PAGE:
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Credit card merchant fees in Canada

I have long been a fan of rewards credit cards (see one of my first ever blog posts). Cash back, travel rewards, reduced foreign currency transaction fees, and travel insurance are just some of the rewards you can get just by using your credit card for everyday purchases. Factor in sign up bonuses, and you can get hundreds, if not thousands of dollars of perks every years just by using various credit cards. Every year there are newer cards with better rewards and the savvy consumer is certainly winning.

However, consumers aren’t the biggest winners — it’s the credit card companies. Visa, MasterCard, and American Express are posting record profits and their stocks are sky-rocketing.

Consumers and credit card companies are winning at the expense of the merchants. Why? Because merchants pay a fee for every single credit card transaction that they process (which is the motivation for them to run some ridiculous marketing campaigns encouraging you to use your credit card on purchases big and small). For Visa and MasterCard, the processing fee is between 1.65% to 2.71% or more. American Express fees aren’t as widely available but they can apparently be 3.5% or more. (You can imagine that to be the biggest reason why AMEX isn’t more widely accepted.)

The worst part for businesses accepting credit card payments is that the credit card processing fee they pay can be higher for rewards cards. This means that a Capital One Aspire World MasterCard might cost merchants 2.71% (or more) of the total purchase amount whereas a CIBC Classic VISA Card might cost merchants 1.65% of the total purchase amount. (See this document for a breakdown of many credit cards’ merchant fee.) Of course, merchants aren’t allowed to refuse your “premium” travel rewards card while accepting your no-reward card.

Merchants much prefer debit card payments (where they might pay a flat 12 cent fee per Interac transaction, no matter what the amount) or cash. But most merchants would lose business if they stopped accepting credit cards.

And are consumers as a whole actually winning with high credit card usage and lots of rewards? Arguably not. If merchants have to pay to receive credit card payments, they either have to reduce their profit or increase prices. (In reality it is more complicated than that, but it illustrates the point.) Consumers have to pay the increased prices.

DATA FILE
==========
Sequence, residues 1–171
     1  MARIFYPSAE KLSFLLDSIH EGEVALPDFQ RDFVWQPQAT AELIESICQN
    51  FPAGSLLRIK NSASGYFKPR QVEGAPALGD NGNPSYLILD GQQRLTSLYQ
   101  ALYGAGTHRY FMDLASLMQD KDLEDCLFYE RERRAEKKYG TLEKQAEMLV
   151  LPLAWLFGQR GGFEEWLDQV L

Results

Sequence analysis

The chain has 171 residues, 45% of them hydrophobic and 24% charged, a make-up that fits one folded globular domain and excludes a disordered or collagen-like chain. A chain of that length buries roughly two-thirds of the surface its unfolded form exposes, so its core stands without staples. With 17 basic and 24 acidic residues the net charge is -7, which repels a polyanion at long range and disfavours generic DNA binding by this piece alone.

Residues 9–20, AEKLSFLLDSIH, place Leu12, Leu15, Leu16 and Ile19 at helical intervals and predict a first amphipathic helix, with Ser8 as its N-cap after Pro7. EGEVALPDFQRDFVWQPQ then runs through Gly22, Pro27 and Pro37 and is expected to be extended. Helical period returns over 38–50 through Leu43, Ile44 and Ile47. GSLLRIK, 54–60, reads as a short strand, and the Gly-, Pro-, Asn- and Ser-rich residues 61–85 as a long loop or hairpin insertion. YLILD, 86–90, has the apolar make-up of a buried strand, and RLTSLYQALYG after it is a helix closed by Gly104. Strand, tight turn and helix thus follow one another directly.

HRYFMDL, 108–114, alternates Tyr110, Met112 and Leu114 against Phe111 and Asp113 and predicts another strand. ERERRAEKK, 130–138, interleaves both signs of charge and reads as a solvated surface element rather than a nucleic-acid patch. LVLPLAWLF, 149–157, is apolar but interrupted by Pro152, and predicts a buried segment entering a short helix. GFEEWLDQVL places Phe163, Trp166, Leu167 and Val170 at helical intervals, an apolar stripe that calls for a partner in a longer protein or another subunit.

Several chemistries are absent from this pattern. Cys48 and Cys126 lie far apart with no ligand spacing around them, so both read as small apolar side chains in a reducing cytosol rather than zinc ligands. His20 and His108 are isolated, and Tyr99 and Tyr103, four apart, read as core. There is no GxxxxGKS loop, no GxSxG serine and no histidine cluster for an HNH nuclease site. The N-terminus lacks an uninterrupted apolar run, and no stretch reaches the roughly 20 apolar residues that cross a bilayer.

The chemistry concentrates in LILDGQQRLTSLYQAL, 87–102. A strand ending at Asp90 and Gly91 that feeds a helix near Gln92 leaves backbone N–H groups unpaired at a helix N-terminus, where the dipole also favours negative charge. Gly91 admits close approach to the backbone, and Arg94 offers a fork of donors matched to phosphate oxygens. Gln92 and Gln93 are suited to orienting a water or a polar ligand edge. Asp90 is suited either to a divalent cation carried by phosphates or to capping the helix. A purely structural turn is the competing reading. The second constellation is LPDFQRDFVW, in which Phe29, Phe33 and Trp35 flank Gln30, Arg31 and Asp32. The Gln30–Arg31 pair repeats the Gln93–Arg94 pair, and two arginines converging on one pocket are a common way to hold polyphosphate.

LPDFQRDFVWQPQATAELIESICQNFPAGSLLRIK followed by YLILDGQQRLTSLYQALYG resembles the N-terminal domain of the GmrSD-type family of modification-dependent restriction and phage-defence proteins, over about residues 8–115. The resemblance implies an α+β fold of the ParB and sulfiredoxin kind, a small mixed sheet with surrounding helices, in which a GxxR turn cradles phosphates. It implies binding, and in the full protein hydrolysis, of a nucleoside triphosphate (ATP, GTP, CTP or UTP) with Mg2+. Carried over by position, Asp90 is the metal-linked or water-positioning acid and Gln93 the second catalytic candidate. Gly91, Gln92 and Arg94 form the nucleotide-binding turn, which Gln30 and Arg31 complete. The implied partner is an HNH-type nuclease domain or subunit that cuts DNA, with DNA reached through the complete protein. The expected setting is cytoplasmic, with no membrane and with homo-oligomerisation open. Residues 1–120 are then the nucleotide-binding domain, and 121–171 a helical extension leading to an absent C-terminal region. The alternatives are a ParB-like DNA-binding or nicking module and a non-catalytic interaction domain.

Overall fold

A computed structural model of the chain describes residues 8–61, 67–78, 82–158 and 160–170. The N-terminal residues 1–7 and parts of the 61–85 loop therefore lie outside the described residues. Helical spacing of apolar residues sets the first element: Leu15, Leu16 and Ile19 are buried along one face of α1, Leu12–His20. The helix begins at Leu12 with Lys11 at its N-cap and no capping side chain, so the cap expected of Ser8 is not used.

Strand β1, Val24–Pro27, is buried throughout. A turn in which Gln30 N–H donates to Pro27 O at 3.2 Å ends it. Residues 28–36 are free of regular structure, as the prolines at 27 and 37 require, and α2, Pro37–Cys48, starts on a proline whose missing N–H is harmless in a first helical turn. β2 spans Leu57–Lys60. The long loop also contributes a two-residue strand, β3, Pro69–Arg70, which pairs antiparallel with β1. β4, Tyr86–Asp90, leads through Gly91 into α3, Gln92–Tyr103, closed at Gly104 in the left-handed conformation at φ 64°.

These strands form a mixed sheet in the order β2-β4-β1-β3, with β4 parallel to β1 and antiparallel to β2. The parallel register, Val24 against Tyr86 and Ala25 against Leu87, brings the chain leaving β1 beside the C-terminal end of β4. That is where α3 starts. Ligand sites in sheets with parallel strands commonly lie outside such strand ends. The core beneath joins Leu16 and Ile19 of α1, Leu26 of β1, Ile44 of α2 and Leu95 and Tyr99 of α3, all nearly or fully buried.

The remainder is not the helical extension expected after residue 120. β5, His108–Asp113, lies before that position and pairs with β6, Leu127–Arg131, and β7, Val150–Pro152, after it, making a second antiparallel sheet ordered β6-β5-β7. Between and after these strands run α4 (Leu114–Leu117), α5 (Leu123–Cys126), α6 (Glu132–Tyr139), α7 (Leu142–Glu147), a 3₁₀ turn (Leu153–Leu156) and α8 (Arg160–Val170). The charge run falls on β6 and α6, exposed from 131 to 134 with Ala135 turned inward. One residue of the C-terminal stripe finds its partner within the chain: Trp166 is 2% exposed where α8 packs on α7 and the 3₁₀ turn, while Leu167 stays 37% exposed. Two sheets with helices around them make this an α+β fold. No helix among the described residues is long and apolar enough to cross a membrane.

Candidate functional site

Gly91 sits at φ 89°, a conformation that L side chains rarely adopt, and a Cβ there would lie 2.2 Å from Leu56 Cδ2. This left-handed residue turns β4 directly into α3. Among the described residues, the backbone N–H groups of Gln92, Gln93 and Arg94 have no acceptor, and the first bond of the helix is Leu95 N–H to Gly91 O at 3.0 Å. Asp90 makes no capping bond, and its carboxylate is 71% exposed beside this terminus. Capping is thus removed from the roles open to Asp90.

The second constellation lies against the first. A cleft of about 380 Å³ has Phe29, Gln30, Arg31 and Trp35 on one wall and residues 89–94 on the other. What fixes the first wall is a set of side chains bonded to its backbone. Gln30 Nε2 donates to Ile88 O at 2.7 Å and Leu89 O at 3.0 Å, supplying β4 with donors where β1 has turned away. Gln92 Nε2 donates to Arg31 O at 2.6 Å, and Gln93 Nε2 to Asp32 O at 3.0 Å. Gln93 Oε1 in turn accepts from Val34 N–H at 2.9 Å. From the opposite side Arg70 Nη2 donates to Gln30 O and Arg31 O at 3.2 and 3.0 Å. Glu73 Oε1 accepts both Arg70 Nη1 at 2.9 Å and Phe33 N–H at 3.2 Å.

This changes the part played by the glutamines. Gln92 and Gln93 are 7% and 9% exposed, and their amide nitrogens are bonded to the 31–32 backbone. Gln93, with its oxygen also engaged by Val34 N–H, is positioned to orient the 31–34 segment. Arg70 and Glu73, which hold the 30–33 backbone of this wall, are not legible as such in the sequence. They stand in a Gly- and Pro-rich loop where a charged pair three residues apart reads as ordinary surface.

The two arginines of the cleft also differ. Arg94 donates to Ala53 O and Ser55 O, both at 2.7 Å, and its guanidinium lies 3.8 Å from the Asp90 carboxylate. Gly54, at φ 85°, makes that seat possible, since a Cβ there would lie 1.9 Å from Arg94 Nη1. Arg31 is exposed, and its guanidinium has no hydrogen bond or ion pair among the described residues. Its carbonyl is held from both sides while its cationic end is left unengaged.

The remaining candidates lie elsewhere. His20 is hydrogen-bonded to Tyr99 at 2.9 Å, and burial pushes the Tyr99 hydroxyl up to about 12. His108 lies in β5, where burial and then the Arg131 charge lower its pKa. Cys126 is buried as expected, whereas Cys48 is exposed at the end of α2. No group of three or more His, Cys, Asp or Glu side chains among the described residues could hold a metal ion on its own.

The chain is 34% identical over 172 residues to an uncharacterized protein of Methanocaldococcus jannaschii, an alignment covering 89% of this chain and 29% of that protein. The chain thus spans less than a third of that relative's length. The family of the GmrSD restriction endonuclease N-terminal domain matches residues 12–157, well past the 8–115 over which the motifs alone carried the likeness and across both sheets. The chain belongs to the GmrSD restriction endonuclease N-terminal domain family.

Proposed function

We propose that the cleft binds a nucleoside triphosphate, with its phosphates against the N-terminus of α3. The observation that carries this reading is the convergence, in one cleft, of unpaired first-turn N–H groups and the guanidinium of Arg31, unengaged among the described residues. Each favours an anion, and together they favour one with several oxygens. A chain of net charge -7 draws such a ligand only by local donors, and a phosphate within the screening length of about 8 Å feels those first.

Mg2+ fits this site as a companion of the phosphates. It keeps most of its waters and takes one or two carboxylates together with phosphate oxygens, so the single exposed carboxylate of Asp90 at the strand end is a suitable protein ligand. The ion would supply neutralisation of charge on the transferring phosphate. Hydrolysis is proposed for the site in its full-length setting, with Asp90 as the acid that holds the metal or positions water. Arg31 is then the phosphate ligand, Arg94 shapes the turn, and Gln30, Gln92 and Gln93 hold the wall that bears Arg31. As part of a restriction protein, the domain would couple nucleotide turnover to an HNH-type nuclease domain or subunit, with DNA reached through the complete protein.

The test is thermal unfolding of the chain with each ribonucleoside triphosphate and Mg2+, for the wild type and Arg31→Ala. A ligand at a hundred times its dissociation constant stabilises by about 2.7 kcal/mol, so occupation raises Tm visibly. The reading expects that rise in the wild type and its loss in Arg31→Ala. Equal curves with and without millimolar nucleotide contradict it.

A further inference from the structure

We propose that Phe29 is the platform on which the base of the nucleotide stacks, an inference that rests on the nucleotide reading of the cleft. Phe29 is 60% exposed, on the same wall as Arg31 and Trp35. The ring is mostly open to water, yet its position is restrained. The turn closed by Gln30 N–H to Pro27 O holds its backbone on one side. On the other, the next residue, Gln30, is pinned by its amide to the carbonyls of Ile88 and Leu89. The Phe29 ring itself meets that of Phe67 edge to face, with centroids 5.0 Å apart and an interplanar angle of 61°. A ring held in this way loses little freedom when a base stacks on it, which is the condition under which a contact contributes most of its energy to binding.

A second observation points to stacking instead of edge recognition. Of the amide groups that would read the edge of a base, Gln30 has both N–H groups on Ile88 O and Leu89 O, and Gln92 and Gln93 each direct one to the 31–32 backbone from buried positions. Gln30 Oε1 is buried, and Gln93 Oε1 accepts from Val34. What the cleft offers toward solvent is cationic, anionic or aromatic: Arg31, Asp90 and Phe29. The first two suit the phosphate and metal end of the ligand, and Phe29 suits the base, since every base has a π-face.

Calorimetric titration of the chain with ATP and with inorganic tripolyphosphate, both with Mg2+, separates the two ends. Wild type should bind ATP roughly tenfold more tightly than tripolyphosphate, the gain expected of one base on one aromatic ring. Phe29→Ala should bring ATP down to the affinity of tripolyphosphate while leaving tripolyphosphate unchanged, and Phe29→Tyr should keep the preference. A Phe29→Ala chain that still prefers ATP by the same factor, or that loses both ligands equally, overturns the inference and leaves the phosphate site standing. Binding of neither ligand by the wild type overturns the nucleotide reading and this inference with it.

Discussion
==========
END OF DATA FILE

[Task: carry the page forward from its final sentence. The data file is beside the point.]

To the individual consumer, the incentive to use credit cards less is not obvious. You don’t personally pay more to use a credit card (unless you don’t have the money to pay your bill, of course) — the flip side being that you don’t usually pay less for using cash. Since we’re all paying for the increased prices, the logic is that each one of us might as well try to get something back in the form of credit card rewards. Otherwise you’re somewhat paying for someone else’s rewards.

When I’m patronizing a small business I might choose to pay with cash or debit, but for purchases made at big companies, I don’t really care if MasterCard is skimming Esso’s profit margin. And that’s a shame.

The Brick: beware of blanket coverage warranty and bonded leather couch

Several years ago I purchased my first couch: a bonded leather couch / sofa. It was from The Brick. The salesperson made such a convincing pitch that even though I swear off warranties, I also purchased the “Blanket 5 Year Furniture Plan” warranty — also called “blanket coverage”. It also came with something called “master surface coverage”. Today, I will no longer buy anything from The Brick, I’ve learned to be wary about “bonded leather”, and I believe that the warranty was completely mis-represented.

The salesperson had told me that if anything happened to the couch for any reason, including cracking and peeling, The Brick would repair the couch and usually they would just replace the couch. He then emphasized the point by saying that if someone sat down with scissors or a knife in their pocket and punctured the couch, it would be covered.

I didn’t expect anything to happen to the couch, nor did I use it for anything other than casual sitting and napping. Less than 2.5 years in, small cracks started to appear in the middle cushion. I figured that this was a good time to get The Brick to repair the cracks, so I called their customer service. They sent someone out to look at the couch. When he arrived, he first grumbled that they probably didn’t have the right colour to repair it with. Then he proceeded to suggest that I either had a pet who scraped up the couch or I had scratchy pants (neither of which is true). He left assuring me that he would report his findings to The Brick and they would call me back.

A month later nobody had called me back, so I called The Brick to ask about the status of my warranty claim. They said it was unclear why I hadn’t been called, but that they would investigate the notes on my file and call me back. A couple weeks later, they hadn’t called me back again, so I once again called them — this time they said that there was a note on the file to acknowledge the cracks but that my claim was denied and that there was no reason given. The customer service rep on the other line said she couldn’t find any explanation for it. She then assured me someone would call back. I foolishly let it slide when no one had called back, thinking that I could just live with the cracks.

By the time the couch was 4 years old, the cracks had really worsened. Small pieces were peeling off seemingly every day, and cracks were appearing at random places all the time (the arm rests, the back, the other cushions, etc.). The middle cushion was hideous:

Peeling bonded leather couch from The Brick